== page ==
By Patric Hedlund, Editor
Every institution in our society has had to make changes to respond to the recession that is so deeply affecting the finances of our families, small businesses, corporations, cities, states and nation. The world has transformed dramatically since a $7.2 million school bond was approved by local voters in November of 2005.
That bond was passed with false statements by former El Tejon Unified School District Superintendent John Wight about the level of matching funds that would come from the state. Inadequate oversight by the school board allowed an error to appear on the ballot about ‘permanent’ versus ‘modular’ structures to be built at the elementary and middle schools. Wight was out the door shortly after under an ethical cloud, and the ballot errors led to six years of delays in building replacement classrooms. In that time, the world flipped upside down economically.
ETUSD is now a declining-enrollment district that is also wounded by the state’s failure to fully fund education. The 7th through 12th grades may be consolidated in 2013, which may lead to mothballing either El Tejon School (built in 1939, now next to Interstate-5’s 77,000 vehicles a day) or Frazier Mountain High School (built in 1995, and in need of a new roof).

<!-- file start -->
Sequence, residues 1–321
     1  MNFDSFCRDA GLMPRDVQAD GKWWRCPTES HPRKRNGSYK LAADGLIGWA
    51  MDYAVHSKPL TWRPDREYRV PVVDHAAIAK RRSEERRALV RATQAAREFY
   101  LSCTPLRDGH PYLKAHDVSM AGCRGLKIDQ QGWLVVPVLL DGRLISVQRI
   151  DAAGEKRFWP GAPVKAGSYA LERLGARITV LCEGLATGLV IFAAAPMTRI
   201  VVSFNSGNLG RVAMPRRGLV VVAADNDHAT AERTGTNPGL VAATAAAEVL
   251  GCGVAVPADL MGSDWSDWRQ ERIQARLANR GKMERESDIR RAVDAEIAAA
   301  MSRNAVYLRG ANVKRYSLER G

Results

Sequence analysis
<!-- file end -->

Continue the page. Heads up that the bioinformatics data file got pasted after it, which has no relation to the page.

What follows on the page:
Can the bond money be redirected to the high school? The school board and superintendent should provide a complete and credible report to the community detailing how the bond funds—for which all of us are paying with our property taxes each year—may be redirected in these extraordinary times to meet the real needs of the district in 2012…not the needs of 2005.
This is part of the July 27, 2012 online edition of The Mountain Enterprise.
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